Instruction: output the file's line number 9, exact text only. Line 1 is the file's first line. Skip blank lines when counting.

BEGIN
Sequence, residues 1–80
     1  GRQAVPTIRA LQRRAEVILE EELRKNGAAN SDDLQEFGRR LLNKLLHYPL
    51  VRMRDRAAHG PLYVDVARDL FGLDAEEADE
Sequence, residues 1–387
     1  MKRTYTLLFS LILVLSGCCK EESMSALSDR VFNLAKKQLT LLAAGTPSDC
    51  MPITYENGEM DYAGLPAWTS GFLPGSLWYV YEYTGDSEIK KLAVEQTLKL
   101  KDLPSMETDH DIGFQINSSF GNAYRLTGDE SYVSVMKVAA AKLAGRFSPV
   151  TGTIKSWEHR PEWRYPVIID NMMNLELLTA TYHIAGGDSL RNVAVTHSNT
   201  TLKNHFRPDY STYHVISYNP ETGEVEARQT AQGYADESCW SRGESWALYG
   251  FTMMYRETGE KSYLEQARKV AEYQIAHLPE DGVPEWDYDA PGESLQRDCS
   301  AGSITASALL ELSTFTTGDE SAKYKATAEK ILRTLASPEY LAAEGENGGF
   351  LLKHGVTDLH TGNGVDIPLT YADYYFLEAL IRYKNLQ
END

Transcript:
   201  TLKNHFRPDY STYHVISYNP ETGEVEARQT AQGYADESCW SRGESWALYG